Intermittent Fasting Gets New Boost in Latest Research
Fasting and health and nutrition for men

Researchers have discovered that meal timing strategies such as intermittent fasting help people lose weight by lowering appetite rather than burning more calories, according to a new report which gives more credence to the practice of intermittent fasting.

The study is the first to show how meal timing affects 24-hour energy metabolism when food intake and meal frequency are matched.

“Coordinating meals with circadian rhythms, or your body’s internal clock, may be a powerful strategy for reducing appetite and improving metabolic health,” said Eric Ravussin, PhD, one of the study’s authors.

Lead author Courtney M. Peterson, PhD said: “We suspect that a majority of people may find meal timing strategies helpful for losing weight or to maintain their weight since these strategies naturally appear to curb appetite, which may help people eat less.”

Peterson and her colleagues also report that meal timing strategies may help people burn more fat on average during a 24-hour period.

Early Time-Restricted Feeding (eTRF) – a form of daily intermittent fasting where dinner is eaten in the afternoon – helped to improve people’s ability to switch between burning carbohydrates for energy to burning fat for energy, an aspect of metabolism known as metabolic flexibility.

The study’s authors said, however, that the results on fat-burning are preliminary.

“Whether these strategies help people lose body fat need to be tested and confirmed in a much longer study,” said Peterson.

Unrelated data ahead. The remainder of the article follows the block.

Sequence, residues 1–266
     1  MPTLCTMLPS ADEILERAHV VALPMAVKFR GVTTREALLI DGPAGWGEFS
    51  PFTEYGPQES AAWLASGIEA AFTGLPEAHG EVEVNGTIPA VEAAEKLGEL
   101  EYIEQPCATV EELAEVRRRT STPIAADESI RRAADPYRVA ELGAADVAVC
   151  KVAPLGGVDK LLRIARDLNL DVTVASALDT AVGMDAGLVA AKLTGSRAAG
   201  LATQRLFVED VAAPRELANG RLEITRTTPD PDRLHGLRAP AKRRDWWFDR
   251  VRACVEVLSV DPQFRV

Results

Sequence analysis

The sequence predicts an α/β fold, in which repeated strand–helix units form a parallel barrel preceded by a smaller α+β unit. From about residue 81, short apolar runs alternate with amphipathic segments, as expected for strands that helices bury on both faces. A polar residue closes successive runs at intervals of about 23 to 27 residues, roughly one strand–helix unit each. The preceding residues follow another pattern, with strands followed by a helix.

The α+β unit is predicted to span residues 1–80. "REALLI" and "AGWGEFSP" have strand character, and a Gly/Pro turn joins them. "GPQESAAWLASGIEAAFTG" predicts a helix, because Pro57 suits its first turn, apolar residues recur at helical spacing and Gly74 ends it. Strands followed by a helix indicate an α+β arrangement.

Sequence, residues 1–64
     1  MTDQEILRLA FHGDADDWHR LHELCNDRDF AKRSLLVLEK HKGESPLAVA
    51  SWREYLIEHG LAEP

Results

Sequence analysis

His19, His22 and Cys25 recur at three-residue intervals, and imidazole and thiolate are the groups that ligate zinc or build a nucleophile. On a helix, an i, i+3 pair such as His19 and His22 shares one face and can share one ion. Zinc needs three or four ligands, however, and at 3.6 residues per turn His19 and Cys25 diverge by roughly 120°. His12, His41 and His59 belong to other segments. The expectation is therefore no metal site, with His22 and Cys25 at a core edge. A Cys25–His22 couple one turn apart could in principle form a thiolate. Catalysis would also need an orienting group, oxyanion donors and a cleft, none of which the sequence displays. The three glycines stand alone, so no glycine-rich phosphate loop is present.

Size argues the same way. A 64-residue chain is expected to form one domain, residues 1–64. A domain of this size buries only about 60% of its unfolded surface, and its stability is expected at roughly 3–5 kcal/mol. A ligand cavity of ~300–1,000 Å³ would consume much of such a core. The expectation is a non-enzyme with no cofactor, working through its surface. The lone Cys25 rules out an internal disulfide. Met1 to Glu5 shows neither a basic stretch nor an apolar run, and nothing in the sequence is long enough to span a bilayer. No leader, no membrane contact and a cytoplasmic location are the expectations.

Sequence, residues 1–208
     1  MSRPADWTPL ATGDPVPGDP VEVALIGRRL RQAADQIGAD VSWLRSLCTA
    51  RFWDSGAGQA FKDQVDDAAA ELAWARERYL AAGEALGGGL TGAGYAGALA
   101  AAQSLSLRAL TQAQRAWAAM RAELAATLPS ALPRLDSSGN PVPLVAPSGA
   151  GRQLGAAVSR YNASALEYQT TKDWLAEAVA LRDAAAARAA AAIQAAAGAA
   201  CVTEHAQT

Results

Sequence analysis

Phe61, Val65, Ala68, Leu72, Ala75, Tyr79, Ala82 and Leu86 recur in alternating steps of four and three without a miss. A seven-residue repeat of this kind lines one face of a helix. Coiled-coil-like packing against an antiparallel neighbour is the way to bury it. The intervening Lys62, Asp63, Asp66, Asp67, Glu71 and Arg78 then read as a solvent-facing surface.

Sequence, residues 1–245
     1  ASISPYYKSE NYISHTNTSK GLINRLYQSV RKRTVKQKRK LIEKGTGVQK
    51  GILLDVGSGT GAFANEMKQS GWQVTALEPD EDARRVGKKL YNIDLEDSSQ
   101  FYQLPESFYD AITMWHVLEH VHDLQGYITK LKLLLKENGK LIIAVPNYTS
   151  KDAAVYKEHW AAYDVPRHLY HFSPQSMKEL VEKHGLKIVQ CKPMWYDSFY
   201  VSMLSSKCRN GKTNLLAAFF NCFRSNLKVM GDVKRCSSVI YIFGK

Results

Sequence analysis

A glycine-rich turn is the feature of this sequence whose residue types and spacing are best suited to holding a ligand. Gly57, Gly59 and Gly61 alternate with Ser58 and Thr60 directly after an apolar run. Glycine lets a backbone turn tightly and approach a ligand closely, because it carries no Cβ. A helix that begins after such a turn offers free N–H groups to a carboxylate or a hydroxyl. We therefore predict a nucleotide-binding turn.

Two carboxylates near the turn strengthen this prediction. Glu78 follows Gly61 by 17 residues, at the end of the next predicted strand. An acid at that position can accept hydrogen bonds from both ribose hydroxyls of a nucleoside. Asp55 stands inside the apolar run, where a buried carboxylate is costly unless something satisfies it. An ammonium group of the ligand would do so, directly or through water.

Read: Research Backs Intermittent Fasting Claims

For the study, researchers enrolled 11 adult men and women who had excess weight.

Adults, in general good health, aged 20-to-45-years old were eligible to participate if they had a body mass index between 25 and 35 kg/m2 (inclusive), body weight between 68 and 100 kg, a regular bedtime between 9:30 p.m. and 12 a.m.

Participants tried two different meal timing strategies in random order: a control schedule where participants ate three meals during a 12-hour period with breakfast at 8:00 a.m. and dinner at 8:00 p.m. and an eTRF schedule where participants ate three meals over a six-hour period with breakfast at 8:00 a.m. and dinner at 2:00 p.m.

The same amounts and types of foods were consumed on both schedules.

Fasting periods for the control schedule included 12 hours per day, while the eTRF schedule involved fasting for 18 hours per day.

Study participants followed the different schedules for four days in a row. On the fourth day, researchers measured the metabolism of participants by placing them in a respiratory chamber – a room-like device – where researchers measured how many calories, carbohydrates, fat and protein were burned.

Researchers also measured the appetite levels of participants every three hours while they were awake, as well as hunger hormones in the morning and evening.

Although eTRF did not significantly affect how many calories participants burned, the researchers found that eTRF did lower levels of the hunger hormone ghrelin and improved some aspects of appetite.

It also increased fat-burning over the 24-hour day.

Read more: Body Senses Rhythms Independently from the Mind, Says Study

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